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Amazon announces $499 Kindle Fire HD 4G LTE with $50/year data plan

post #1 of 124
Thread Starter 
Amazon took a direct shot at Apple on Thursday when it unveiled its new Kindle Fire HD 4G LTE, with the same $499 starting price as Apple's current generation iPad. But the main selling point is a new $50-per-year, 250-megabyte-per-month 4G LTE data plan.

Though it has the same price as a third-generation iPad with Retina display, the new Kindle Fire HD with 4G LTE has a slightly smaller 8.9-inch display. However, Apple's entry-level third-generation iPad lacks 4G LTE — a feature that carries a $130 premium.

Amazon's new high-end Kindle Fire HD also has twice the capacity of Apple's entry-level iPad, packing in 32 gigabytes of storage for the $499 price. The next closest device in Amazon's revamped Kindle lineup is the $299 16-gigabyte Kindle Fire HD, which also has an 8.9-inch display but does not feature cellular connectivity. A 64-gigabyte Kindle Fire HD is also available for $599.

The biggest bombshell dropped by the online retailer on Thursday is the data plan for the new Kindle: it will offer 250 megabytes of data per month for just $50 a year, a price well below what carriers AT&T and Verizon charge for using Apple's iPad on their wireless networks.

The Amazon 4G LTE package features high-speed wireless connectivity capped at 250 megabytes per month, and also comes with 20 gigabytes of cloud storage and a $10 credit to the Amazon Appstore.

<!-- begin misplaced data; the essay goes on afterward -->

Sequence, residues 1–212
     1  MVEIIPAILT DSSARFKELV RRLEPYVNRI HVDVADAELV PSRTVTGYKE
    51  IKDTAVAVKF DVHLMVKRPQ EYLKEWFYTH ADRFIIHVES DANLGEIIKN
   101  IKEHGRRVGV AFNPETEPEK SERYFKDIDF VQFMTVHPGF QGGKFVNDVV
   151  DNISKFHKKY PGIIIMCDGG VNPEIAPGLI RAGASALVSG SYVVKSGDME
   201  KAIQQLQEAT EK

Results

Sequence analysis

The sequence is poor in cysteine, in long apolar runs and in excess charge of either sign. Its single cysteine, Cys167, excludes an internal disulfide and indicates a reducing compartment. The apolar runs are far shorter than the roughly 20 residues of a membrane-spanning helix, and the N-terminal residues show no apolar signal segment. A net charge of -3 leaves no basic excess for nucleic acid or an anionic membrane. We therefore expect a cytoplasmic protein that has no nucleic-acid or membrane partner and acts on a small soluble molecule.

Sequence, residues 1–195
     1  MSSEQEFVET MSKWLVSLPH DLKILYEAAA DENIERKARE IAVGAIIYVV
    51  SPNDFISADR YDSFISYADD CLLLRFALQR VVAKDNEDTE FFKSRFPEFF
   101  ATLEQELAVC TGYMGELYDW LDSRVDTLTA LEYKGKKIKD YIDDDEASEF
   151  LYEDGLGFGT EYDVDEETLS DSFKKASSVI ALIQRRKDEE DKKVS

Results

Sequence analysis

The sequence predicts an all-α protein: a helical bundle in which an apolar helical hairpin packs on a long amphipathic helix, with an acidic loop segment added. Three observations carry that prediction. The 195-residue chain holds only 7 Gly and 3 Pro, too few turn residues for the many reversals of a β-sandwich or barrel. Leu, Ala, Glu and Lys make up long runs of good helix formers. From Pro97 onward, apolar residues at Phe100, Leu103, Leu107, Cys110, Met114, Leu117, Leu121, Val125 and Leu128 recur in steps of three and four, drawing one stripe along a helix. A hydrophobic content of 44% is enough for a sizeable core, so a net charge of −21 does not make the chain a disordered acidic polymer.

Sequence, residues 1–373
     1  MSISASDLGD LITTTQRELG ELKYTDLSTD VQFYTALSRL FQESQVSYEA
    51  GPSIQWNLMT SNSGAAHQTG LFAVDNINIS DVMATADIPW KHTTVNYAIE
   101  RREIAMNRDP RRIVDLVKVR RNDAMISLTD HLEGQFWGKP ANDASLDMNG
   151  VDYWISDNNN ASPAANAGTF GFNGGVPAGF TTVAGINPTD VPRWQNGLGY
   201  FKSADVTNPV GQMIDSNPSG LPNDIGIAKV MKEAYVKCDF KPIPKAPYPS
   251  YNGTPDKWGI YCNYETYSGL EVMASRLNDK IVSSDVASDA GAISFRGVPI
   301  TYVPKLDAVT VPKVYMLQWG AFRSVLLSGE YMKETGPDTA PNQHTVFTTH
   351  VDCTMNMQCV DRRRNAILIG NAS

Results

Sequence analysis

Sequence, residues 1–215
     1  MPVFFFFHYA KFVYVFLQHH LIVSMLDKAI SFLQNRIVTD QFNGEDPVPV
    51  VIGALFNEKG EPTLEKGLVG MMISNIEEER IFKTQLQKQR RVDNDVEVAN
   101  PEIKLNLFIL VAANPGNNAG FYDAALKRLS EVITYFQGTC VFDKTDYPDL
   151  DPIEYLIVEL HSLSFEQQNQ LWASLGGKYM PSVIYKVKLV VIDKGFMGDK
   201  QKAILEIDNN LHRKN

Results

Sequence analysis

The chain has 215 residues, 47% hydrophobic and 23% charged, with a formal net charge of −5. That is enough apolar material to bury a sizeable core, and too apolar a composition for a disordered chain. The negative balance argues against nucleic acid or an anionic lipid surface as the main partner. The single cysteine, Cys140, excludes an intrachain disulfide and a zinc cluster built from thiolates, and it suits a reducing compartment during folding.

Kindle


Amazon Chief Executive Jeff Bezos compared the new Kindle Fire HD with 4G LTE to Apple's third-generation iPad with LTE connectivity. He noted that an iPad owner will pay $959 with a data plan in the first year for an iPad, while the Kindle Fire HD will cost customers just $549.

Details on how the new data plan will work, including the cost when users go over the 250 megabyte cap, were not revealed as part of Thursday's presentation. When the first iPad launched, AT&T offered data plans starting at $15 per month, or $180 per year, for 250 megabytes of data.

Though it was announced on Thursday, the new Kindle Fire HD 4G LTE won't ship until November 20.

Amazon
Amazon CEO Jeff Bezos at Thursday's press conference in California. Image via CNet.


Bezos said Amazon looked into making a tablet for $499, and the company decided 4G LTE connectivity is the "ultimate tablet feature." The company developed its own cellular modem that's smaller and supports all 10 wireless bands.